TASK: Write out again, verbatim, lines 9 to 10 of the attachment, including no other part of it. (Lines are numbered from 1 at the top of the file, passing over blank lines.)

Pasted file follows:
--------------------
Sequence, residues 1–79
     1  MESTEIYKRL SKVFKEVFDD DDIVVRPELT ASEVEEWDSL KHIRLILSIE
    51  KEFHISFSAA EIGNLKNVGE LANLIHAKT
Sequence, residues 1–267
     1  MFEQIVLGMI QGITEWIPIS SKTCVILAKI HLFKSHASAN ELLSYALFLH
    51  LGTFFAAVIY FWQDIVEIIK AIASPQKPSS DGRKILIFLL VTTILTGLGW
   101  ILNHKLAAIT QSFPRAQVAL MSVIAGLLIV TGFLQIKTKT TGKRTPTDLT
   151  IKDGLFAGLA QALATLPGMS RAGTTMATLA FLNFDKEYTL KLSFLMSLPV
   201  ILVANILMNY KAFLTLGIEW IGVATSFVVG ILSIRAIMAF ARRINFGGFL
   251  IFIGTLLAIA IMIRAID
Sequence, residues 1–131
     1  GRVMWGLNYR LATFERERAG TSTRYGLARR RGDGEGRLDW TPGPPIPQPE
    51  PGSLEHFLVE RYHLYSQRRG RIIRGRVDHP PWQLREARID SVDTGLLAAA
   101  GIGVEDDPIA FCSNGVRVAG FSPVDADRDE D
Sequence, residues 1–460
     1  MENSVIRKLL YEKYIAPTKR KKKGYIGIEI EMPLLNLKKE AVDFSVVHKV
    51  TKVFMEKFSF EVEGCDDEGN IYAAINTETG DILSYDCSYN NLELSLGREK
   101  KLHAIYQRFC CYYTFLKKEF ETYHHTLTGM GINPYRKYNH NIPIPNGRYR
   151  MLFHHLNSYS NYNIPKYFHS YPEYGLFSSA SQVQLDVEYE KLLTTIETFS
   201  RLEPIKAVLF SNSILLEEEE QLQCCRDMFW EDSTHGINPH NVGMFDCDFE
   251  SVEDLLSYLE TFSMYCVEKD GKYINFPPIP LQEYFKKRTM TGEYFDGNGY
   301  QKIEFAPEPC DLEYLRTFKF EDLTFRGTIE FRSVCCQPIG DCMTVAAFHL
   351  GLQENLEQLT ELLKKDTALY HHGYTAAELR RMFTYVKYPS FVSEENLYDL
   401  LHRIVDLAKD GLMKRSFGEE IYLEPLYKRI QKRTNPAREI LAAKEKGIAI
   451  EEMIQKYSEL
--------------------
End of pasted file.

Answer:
   201  ILVANILMNY KAFLTLGIEW IGVATSFVVG ILSIRAIMAF ARRINFGGFL
   251  IFIGTLLAIA IMIRAID